11:27 pm
what he was going to say, was that helpful? >> i certainly do. secretary clinton several days ago, with general mcchrystal and i in attendance, was at the foreign ministers' conference of nato. this was the first one in brussels says the president made his west point speech. i think all of our sense was the reception there with general mcchrystal's articulation of the strategy, understanding what our way ahead was, it seemed to resonate well. we left brussels with some confidence. >> that is good. thank you very much. >> thank you very much. senator udall is next. >> i thank you mr. chairman. good afternoon, gentlemen. as many of us have said, i want to thank you for your service and i look for it is well to joining minister mccain and senator lieberman in their
11:28 pm
upcoming visits to afghanistan as she began to implement this important strategy. -- as you begin to implement this import strategy. we've emphasized the importance about the limits of our ability to defeat their taliban. there has been talk about reconciliation with the taliban and how we drive wedges between those interested in the taliban and its presence for political purposes versus those eager to push the forces of chaos and destruction and hatred. i know that we're not in the best position to pursue reconciliation right now, given that the taliban are strong and they lack incentive to change. but i would like to think that we're doing more in this area than we were and we're working closely with the afghan government. can both of you, my question? >> i certainly can start. i do not agree when people say we cannot defeat taliban.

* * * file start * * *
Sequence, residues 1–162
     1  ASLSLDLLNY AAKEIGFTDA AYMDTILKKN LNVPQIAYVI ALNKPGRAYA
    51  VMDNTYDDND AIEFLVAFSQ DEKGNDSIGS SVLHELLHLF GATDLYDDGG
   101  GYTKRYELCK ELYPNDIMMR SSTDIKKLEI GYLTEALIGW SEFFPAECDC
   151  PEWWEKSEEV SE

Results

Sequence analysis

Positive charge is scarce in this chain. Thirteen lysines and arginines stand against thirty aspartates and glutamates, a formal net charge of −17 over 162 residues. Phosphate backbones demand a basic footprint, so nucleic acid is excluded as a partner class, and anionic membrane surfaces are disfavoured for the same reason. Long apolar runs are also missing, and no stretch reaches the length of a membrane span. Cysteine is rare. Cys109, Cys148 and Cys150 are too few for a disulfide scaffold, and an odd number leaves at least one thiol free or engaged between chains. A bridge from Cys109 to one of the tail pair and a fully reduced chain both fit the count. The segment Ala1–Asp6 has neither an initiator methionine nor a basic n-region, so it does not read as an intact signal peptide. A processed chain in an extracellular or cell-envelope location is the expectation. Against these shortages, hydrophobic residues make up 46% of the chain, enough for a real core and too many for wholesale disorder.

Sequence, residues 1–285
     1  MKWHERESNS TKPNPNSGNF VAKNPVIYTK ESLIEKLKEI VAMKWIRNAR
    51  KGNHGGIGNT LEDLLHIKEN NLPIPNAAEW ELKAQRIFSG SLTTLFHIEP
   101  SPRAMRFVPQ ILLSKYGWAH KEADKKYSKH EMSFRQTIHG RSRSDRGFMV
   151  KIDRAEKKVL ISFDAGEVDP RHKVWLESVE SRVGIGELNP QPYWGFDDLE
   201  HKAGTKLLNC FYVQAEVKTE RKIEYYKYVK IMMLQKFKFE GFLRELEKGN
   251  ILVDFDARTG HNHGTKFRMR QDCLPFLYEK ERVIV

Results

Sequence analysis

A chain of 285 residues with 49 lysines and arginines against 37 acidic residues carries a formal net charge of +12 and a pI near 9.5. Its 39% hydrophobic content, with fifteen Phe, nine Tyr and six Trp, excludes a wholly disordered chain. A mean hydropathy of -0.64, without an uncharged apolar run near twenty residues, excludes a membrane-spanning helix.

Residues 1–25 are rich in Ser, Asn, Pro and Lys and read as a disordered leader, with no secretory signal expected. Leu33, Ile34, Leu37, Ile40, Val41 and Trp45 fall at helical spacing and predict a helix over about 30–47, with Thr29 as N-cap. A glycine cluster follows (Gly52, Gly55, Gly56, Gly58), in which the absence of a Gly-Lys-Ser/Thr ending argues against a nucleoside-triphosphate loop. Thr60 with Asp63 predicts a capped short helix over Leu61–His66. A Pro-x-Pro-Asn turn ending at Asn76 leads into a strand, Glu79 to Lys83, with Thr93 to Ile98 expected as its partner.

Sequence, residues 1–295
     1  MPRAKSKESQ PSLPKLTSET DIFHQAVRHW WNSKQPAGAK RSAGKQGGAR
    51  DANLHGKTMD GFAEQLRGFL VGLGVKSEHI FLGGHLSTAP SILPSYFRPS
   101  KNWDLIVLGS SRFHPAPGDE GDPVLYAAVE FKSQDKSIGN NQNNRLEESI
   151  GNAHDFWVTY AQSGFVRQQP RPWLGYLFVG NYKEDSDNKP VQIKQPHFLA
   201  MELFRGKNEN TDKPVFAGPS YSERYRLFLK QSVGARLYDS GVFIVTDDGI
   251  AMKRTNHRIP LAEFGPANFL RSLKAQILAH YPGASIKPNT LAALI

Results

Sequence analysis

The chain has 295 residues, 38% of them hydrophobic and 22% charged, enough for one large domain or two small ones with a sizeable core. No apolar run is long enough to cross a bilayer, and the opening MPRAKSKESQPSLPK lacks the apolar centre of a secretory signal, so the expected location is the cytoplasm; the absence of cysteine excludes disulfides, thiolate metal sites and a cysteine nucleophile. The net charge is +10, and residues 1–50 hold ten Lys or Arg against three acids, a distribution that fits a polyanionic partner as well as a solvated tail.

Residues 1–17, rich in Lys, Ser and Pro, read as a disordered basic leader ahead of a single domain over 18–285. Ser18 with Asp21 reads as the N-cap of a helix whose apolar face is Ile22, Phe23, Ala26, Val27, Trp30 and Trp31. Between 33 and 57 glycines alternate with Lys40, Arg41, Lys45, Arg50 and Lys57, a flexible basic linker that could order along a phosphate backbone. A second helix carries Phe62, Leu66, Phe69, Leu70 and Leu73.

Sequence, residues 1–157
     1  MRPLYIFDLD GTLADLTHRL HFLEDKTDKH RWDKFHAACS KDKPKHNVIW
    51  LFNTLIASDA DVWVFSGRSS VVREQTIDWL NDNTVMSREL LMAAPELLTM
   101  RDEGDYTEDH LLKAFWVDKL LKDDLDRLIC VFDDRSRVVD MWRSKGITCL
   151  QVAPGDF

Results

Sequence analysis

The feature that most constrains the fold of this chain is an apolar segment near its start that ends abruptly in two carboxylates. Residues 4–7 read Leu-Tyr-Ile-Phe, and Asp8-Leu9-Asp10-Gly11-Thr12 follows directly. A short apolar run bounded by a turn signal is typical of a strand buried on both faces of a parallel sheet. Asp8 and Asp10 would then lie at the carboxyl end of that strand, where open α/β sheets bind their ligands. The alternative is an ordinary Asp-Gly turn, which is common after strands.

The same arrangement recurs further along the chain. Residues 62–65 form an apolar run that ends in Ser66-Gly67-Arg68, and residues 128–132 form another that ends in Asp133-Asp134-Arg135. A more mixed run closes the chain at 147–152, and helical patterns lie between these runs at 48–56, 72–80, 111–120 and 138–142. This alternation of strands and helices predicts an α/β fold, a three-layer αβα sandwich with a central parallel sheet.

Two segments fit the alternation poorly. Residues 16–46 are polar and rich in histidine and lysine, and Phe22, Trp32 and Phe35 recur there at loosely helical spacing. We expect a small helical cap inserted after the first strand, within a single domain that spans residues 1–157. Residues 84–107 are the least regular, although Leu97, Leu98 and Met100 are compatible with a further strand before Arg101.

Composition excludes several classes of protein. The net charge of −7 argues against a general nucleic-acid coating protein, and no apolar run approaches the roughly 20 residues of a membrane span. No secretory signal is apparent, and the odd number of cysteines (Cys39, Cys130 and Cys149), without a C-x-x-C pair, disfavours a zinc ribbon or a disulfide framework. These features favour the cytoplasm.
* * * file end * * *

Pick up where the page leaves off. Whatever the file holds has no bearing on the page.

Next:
11:29 pm
i absolutely believe that we've, and i mean the government of afghanistan with coalition help, can the -- can defeat the taliban. and that is putting the taliban in a position where they can no longer accomplish their objection and threatening the government of afghanistan. i think that is absolutely achievable. on route to that, as we've reverse the momentum that they perceive that they have now, we will weaken the resolve of many of the members of the taliban. it is important in that process, that there be opportunities for afghans who might have sided with the taliban, whether they fought with them or to supported them, to be able to come back under the constitution of afghanistan, underrate program that must be supervised by the government, with respect and with honor -- not to feel like they are criminals being brought back again, but being brought back again to the political fold.